08 June 2022 – FGM & Women’s Rights

8 Jun, 2022 | News Digests

When Abortion Pills Were Banned in Brazil, Women Turned to Drug Traffickers

New York Times, 28 Jun 2022

Proponents of abortion rights in the United States have suggested that a post-Roe America would differ in a key way from the era before abortion was legalized nationally. Women seeking abortions today have the option of a medical termination, using hormone pills to trigger the body to expel the fetus in private, a practice approved by the Food and Drug Administration. But the wave of state trigger laws that have begun to take effect after the Supreme Court’s ruling overturning Roe on Friday, bar all abortion, including medication abortions. To get the pills legally, women will have to travel to states where it is allowed, for a medical consultation, even if it is by video or phone, as required by the F.D.A. The trajectory of access to abortion pills in Brazil may offer insight into how medication abortion can become out of reach and what can happen when it does.

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Yet again, the census shows women are doing more housework. Now is the time to invest in interventions

The Conversation, 28 Jun 2022

The Australian Census numbers have been released, showing women typically do many more hours of unpaid work per week compared to men. It’s not a new development. I 2016, the “typical” Australian man spent less than five hours a week on domestic work, while the “typical” Australian woman spent between five and 14 hours a week on domestic work. Before that, the 2006 census showed, again, that more of the domestic workload is shouldered by women. So, in the 15 years since the Australian Census started collecting unpaid housework time, women are shown to do more than men. Every. Single. Time. What is unique about these latest census numbers is Australians filled out their surveys during one of the greatest disruptors to work and home life – the COVID pandemic.

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Roe v Wade ruling disproportionately hurts Black women, experts say

Reuters, 27 Jun 2022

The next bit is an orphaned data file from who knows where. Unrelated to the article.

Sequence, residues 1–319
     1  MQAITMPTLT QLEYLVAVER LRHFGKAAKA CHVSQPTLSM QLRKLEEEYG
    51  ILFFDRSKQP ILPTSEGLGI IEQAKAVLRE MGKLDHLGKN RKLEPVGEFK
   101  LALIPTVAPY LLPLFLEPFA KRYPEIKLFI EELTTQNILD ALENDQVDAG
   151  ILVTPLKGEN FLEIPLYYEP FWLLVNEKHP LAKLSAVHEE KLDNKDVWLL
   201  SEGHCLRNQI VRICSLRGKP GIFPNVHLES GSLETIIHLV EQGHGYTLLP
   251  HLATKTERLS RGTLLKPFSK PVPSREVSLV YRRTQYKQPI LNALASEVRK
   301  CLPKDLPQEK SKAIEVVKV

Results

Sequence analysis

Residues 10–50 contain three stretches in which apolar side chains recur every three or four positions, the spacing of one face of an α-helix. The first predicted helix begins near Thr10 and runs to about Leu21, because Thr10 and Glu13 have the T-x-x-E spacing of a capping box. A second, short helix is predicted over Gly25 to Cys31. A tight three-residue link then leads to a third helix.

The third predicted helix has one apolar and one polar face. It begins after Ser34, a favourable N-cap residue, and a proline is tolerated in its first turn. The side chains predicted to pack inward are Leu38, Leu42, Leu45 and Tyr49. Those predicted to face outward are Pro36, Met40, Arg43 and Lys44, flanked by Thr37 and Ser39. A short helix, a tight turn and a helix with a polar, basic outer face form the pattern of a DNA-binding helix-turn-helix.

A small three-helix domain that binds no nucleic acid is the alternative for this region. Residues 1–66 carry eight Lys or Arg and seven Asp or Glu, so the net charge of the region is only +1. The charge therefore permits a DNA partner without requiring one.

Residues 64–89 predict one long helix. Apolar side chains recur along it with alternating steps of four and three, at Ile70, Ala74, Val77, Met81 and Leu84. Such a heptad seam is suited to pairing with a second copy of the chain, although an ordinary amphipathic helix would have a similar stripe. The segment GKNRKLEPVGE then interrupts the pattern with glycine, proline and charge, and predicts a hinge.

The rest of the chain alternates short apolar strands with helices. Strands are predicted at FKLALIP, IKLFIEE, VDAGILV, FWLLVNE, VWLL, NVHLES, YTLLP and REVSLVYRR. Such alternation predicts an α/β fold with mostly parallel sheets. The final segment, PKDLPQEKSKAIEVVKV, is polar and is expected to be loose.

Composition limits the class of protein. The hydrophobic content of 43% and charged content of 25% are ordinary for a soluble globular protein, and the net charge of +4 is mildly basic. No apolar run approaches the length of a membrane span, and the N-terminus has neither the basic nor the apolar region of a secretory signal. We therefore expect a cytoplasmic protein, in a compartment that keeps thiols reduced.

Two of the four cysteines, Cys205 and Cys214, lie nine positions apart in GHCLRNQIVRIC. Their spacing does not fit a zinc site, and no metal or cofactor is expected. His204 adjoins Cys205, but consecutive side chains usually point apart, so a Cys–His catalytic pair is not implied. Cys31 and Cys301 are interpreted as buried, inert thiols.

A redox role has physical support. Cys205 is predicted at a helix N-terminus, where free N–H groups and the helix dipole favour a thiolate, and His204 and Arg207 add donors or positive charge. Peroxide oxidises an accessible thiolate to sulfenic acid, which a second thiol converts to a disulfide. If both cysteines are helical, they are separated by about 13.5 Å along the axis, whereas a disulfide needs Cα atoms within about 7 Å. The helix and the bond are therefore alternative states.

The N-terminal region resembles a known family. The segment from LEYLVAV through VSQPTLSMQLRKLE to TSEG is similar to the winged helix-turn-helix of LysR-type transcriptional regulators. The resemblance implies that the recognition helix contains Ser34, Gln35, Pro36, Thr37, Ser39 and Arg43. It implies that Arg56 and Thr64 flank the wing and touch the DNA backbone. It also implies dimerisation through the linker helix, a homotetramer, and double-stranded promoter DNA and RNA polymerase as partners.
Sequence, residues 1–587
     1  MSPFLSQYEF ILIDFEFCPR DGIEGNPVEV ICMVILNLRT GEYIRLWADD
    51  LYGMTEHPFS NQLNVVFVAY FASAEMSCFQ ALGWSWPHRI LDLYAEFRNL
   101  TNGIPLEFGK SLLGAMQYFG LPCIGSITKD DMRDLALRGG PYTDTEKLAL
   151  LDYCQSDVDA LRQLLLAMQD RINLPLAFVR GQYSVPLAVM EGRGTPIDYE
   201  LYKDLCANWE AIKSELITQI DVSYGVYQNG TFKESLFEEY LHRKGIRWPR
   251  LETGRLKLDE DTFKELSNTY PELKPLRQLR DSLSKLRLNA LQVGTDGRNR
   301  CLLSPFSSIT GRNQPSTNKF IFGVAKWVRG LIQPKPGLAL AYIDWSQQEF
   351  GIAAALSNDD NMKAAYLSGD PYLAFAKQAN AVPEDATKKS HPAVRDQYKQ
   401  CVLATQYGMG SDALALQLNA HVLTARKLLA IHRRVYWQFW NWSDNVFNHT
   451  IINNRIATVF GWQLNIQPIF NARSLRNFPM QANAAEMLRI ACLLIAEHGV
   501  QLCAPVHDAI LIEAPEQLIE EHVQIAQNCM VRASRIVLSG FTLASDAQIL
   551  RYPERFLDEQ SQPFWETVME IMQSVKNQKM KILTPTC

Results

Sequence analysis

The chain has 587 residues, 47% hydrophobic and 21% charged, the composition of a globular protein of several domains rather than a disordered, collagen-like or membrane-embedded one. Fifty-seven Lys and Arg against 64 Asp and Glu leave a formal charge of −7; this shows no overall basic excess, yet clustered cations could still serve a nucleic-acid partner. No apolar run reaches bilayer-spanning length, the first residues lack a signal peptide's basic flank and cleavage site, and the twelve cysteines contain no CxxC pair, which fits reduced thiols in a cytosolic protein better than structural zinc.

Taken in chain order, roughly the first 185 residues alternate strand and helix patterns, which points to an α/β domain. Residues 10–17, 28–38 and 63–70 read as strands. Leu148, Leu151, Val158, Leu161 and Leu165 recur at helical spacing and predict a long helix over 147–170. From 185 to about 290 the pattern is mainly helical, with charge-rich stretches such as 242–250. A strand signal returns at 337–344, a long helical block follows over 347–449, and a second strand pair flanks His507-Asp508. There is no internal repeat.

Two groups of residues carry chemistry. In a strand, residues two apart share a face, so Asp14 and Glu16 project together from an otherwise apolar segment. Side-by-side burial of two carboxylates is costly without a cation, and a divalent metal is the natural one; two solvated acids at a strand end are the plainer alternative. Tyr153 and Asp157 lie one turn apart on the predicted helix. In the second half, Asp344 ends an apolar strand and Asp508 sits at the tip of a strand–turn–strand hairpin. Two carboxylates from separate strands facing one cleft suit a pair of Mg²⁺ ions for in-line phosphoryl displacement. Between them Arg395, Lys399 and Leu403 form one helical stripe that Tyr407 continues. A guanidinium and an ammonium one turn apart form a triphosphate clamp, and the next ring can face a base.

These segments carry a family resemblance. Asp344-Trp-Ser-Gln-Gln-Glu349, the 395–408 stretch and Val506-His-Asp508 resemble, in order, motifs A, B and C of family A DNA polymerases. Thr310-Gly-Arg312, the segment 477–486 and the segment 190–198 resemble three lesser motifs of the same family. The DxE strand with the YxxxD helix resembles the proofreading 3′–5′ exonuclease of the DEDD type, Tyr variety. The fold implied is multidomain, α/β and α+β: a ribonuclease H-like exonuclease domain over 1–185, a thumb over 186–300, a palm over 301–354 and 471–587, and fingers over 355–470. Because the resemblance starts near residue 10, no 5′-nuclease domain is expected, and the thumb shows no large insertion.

The U.S. Supreme Court’s decision to overturn a constitutional right to an abortion is expected to have a disproportionate impact on Black women and other women of color, who have traditionally faced overwhelming costs and logistical obstacles in obtaining reproductive healthcare, experts said. The reversal of Roe v Wade allows state governments to decide whether an abortion is legal. While some states have recently reaffirmed the right to an abortion, 26 states are likely or certain to ban abortion in most or all circumstances.

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Put women’s rights ‘front and centre’ of climate policies: Bachelet

UN News, 27 Jun 2022

Although climate change threatens everyone, women and girls often suffer its harshest and most violent consequences, UN human rights chief Michelle Bachelet said on Monday. “While I welcome the international attention on climate change’s impact on women and girls over the last decade, we must urgently also focus on the grave issue of violence against them which has been exacerbated by the climate crisis,” she told the UN Human Rights Council in Geneva. 

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A devastating blow to women’s rights in America

Financial Times, 24 Jun 2022

The decision had been a likelihood for years and an open secret since a Supreme Court leak in May. It is no less cruel a disaster for that. Six conservative justices, against three dissenting liberals, have ended the national right to abortion in the US. Dobbs vs Jackson Women’s Health Organization will replace Roe vs Wade, the 1973 ruling that it overturned, as the most contentious precedent in American law. This is a dreadful day firstly for women, but also for all those who believed in an enlightened, liberal America. The human cost will be immediate. Lots of states had anti-abortion bills ready for enactment before the ruling. As these restrict the procedure, less safe alternatives will proliferate. Abortions will not be stopped, only safe ones. Patients and providers will risk criminalisation. Women with the means to do so will face the cost and disruption of travelling out of state for something that was theirs by right for half a century. Some legislatures will try to restrict even that recourse. A woman in, say, Arkansas, could soon be encircled by states about as restrictive as her own.

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